The short (S) allele of an insertion/deletion variant in the promoter region of the human serotonin transporter (5-HTT) gene (SLC6A4), has been associated with increased risk of depression in stressful life circumstances.1 The way in which this genetic variation influences brain function is the subject of intensive research. Despite suggestive in vitro evidence, current positron emission tomography studies do not show a consistent effect of the promoter variant on the availability of the 5-HTT in the brain in vivo, and attention has shifted to differential effects of the S allele on brain morphology.2, 3 In the present study, we used voxel-based morphometry in a large sample of healthy control subjects to assess the effect of the triallelic 5-HTTLPR polymorphism. This includes an embedded A/G substitution, rs25531 (S/La/Lg), where the Lg allele is considered functionally similar to and grouped together with the S allele (L’=La; S’=S and Lg).2
We studied 113 volunteers (females 43, males 70), mean age 37.6 years (range 18–60 years, s.d. 11.3). There were 22 S’-non-carriers (L’L’ genotype) (mean age 32.7 years, s.d. 11.2) and 91 S’ carriers (mean age 37.6 years, s.d. 11.2). All volunteers were free from any lifetime psychiatric or neurological disorder. Structural magnetic resonance imaging data were acquired at 3T (TR=9.6 ms, TE=4.6 ms, flip angle=8, voxel dimensions 0.94 × 0.94 × 1.2 mm3). Image preprocessing utilized an optimized voxel-based morphometry protocol (FSL v4.1.4). Effects of the 5-HTTLPR on gray matter volume were examined using an analysis of covariance model with age and gender as covariates of no interest. Gray matter volume changes were assessed statistically with one-tailed t-tests using a threshold-free cluster-based approach with correction for multiple comparisons at the whole-brain level. In addition, regions of interest for bilateral amygdala and subgenual cingulate were used. The genetic variants of 5-HTTLPR rs25531polymorphism were determined by the PCR reaction, followed by digestion with MspI restriction enzyme.4
Whole-brain analysis revealed significantly reduced gray matter volume in S’ allele carriers vs L’L’ homozygotes in three regions; (1) right inferior frontal gyrus (x=54, y=18, z=22); (2) left anterior cingulate (x=−8, y=−16, z=36) and (3) superior temporal gyrus (x=62, y=−14, z=−4) (Figure 1). There were no significant between-group differences in any of the a priori regions. Also, there were no regions that displayed greater volume in S’ allele carriers vs L’L’ homozygotes. Comparison of L’L’ and S’S’ homozygotes (n=31) showed reduced gray matter volume in S’S’ participants in right inferior frontal gyrus (x=56, y=18, z=22) and right superior temporal gyrus (x=62, y=−14, z=−4).
Our findings, in a large sample, support earlier observations showing decreased regional gray matter volume in S’ carriers. However, our data indicate that the regional localization of this effect shows significant variation between studies. Pezawas et al.5 found decreased volume in perigenual anterior cingulate and amygdala in 114 controls (L’L’=35, S’=79) classified according to the bialleleic promoter polymorphism. In contrast, Canli and Lesch6 studying 41 healthy controls (L’L=13, S’=28) found widespread reductions in gray matter in S’ carriers (insula, left middle frontal gyrus and gyrus rectus, right inferior temporal gyrus, anterior cingulate and cerebellum). Frodl et al.,7 using the trialleleic polymorphism in 77 healthy controls, also found rather more widespread reductions in gray matter in S’ carriers (left amygdala, right hippocampus, left anterior cingulate cortex and bilateral dorsolateral prefrontal cortex). However, in the latter study, the morphometric comparisons appear to have been restricted to L’L’ (n=10) and S’S’ (n=23) homozygotes. Finally, a recent study in non-human primates3 (4 L’L’ vs 4 L’S’) reported widespread reductions in gray matter volume in S’ carriers including anterior cingulate, medial prefrontal and orbitofrontal cortex as well as the amygdala.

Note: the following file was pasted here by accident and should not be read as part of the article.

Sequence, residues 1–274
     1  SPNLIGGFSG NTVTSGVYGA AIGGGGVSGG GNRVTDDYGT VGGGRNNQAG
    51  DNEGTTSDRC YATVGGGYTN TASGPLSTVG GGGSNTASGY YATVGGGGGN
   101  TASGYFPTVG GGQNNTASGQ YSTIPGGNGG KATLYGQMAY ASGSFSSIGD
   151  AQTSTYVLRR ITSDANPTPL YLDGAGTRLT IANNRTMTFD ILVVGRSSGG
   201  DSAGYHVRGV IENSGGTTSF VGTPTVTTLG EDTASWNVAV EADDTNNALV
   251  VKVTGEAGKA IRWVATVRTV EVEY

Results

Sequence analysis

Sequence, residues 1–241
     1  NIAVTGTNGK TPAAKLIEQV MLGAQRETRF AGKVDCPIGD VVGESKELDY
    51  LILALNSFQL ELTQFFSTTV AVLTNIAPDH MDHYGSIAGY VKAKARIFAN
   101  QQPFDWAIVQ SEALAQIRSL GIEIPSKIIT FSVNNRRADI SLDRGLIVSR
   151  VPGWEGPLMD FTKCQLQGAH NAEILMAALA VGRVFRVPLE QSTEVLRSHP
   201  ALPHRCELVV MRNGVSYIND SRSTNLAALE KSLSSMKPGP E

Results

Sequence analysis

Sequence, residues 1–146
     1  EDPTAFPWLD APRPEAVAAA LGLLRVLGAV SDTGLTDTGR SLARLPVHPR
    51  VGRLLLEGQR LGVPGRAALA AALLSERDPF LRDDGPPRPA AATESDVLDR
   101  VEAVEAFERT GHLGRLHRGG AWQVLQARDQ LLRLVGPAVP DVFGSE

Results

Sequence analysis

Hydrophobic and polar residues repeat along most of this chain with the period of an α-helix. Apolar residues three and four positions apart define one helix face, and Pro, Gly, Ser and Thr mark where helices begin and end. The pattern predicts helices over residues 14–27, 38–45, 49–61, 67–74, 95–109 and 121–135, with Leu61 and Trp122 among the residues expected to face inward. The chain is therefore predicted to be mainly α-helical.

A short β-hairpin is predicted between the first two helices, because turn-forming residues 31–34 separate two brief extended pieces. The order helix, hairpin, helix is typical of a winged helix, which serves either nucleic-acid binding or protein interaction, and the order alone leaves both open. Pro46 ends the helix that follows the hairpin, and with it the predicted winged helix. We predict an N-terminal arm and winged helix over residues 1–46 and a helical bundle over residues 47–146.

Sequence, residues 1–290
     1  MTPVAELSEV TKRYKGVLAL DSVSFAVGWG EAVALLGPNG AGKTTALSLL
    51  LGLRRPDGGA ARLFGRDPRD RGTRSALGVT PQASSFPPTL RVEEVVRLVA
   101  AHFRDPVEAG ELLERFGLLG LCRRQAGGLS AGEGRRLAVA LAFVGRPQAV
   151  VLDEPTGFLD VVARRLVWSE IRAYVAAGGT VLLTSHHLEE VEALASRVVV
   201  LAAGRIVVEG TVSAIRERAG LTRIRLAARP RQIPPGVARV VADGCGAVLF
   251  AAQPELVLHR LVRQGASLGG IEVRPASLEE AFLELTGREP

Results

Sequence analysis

Taken together, the studies suggest that carriage of the S’ allele may influence brain function through an effect on brain morphology, perhaps exerted during neurodevelopment. Larger samples appear to have more restricted morphological changes; however, an effect of S’ carriage on anterior cingulate volume appears a reliable finding between different studies. This is of interest in view of the role of the anterior cingulate in integrating cognitive and emotional information as well as its frequent implication in functional imaging studies in depressed patients.
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Jedema HP, Giancoros PJ, Greer PJ, Kerr DD, Liu S, Higley JD et al. Mol Psychiatry 2010; 15: 512–522.
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Pezawas L, Meyer-Lindenberg A, Drabant EM, Verchinski BA, Munoz KE, Kolachana BS et al. Nat Neurosci 2005; 8: 828–834.
Canli T, Lesch KP . Nat Neurosci 2007; 10: 1103–1109.
Frodl T, Koutsouleris N, Bottlender R, Born C, Jäger M, Mörtgenhaler M et al. Mol Psychiatry 2008; 13: 1093–1101.
The authors declare no conflict of interest.
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Selvaraj, S., Godlewska, B., Norbury, R. et al. Decreased regional gray matter volume in S’ allele carriers of the 5-HTTLPR triallelic polymorphism. Mol Psychiatry 16, 472–473 (2011). https://doi.org/10.1038/mp.2010.112
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